Trenton is a Master's student in the Artificial Intelligence track in the Stanford Computer Science Department. He has previously worked in computer vision, leading a robustness study on network and file corruptions in the Hazy Research lab under Christopher Re. An early version of this work appeared at the ECCV 2020 Workshop on Adversarial Robustness in the Real World. He is interested in future research in machine learning robustness and fairness. In his free time, Trenton enjoys making music.
Chetanya is a master's student in the Stanford CS department. His research interest focuses on developing robust and efficient systems that can learn with limited supervision. He has dabbled across a lot of fields in ML ranging from signal processing, image synthesis, information extraction, and causal inference and likes to apply state-of-the-art methods to build impactful products. Before coming to Stanford, he graduated from IIT Roorkee with a President's Gold Medal. He also has a professional experience of 2+ years working as a Software Engineer in the Data Intelligence division at Samsung Research.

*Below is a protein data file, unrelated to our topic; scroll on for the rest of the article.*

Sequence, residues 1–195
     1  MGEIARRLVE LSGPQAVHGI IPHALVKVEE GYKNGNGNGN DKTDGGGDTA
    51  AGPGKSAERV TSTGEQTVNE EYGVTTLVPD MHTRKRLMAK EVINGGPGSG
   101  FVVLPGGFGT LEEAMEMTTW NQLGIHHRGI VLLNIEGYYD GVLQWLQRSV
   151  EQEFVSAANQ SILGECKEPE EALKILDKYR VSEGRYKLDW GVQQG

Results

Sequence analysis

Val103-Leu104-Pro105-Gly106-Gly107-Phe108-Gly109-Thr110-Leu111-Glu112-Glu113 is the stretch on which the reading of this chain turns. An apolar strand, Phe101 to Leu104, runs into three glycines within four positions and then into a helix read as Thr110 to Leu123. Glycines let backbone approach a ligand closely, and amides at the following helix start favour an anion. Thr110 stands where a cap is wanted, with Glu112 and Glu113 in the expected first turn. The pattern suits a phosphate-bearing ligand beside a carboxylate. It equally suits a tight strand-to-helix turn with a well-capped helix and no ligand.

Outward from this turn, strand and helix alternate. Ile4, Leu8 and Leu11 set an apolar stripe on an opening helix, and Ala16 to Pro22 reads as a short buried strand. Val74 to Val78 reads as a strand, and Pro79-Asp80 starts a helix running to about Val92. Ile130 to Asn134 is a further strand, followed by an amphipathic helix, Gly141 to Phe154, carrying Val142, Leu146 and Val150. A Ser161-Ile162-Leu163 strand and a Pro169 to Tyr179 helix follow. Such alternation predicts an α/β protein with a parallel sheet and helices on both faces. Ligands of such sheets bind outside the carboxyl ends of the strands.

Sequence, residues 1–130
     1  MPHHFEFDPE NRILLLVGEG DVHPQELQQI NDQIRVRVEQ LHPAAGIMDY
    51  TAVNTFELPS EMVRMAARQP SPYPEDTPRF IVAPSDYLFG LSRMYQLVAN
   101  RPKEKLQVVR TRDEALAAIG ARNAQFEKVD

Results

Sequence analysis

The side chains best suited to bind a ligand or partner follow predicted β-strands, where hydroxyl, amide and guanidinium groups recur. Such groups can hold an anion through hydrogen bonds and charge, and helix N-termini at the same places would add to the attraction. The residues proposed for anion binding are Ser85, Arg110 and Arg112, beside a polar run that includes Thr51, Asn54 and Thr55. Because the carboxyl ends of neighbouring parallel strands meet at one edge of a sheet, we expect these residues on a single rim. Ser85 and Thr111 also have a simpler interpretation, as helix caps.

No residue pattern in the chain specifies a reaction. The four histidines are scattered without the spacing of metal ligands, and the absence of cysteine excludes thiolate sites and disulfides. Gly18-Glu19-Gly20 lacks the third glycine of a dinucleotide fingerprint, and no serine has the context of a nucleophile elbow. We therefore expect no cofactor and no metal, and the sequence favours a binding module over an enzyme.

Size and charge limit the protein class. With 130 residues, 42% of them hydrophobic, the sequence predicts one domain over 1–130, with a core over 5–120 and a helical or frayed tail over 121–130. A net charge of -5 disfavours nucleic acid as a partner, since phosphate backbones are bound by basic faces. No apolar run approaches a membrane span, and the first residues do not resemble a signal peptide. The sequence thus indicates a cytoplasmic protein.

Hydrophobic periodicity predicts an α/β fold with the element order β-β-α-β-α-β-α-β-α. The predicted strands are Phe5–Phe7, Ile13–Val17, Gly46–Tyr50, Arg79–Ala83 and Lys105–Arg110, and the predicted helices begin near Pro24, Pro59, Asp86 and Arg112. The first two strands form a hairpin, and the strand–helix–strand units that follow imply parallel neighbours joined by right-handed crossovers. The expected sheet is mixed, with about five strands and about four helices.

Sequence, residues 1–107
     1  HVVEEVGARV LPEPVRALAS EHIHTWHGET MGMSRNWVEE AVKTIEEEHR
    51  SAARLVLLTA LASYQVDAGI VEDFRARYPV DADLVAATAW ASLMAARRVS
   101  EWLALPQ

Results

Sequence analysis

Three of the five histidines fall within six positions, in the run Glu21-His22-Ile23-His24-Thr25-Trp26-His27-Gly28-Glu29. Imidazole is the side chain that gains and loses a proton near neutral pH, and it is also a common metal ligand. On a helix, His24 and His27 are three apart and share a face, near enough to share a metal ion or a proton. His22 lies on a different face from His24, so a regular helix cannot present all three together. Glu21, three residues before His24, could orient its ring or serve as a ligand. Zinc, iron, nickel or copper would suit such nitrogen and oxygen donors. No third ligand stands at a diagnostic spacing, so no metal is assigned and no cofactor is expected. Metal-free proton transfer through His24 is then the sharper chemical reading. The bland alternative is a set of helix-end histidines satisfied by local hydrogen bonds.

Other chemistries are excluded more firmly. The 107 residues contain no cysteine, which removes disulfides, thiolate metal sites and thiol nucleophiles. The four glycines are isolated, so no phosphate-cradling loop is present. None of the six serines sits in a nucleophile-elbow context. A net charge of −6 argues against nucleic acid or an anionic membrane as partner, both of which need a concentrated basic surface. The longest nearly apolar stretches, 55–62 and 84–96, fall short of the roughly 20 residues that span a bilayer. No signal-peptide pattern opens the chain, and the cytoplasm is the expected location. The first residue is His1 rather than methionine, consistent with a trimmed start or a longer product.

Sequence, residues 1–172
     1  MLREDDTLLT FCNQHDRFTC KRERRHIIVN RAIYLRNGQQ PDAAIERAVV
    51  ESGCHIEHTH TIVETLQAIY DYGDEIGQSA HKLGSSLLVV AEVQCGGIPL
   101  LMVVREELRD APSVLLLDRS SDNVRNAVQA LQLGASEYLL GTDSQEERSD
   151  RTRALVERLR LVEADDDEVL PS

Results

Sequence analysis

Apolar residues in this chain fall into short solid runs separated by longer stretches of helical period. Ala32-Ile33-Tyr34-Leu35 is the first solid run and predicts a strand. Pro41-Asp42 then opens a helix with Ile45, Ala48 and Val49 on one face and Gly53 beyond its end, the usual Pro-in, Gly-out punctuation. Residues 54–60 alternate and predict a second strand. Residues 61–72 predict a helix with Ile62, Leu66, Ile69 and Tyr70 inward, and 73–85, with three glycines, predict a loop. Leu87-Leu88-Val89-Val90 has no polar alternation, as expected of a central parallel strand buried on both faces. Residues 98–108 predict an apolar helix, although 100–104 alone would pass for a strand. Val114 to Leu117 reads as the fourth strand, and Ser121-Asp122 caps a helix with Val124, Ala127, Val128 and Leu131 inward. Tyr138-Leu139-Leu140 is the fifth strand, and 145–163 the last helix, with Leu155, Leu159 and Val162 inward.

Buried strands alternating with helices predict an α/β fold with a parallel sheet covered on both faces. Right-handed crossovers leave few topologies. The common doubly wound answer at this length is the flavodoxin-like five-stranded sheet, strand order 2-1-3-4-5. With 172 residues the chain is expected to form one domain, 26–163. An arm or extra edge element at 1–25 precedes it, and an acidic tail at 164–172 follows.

Alexander is a Master's student in the Stanford Computer Science Department. As an undergraduate at Stanford, he completed a BS in Computer Science and a Minor in Economics. His research interests include natural language processing, computer vision, and computational economics. He has worked on various interdisciplinary projects such as bioinformatics for cancer research, chat-bots for childhood learning, computer vision for autonomous cameras, and language modeling for contextual substitutes.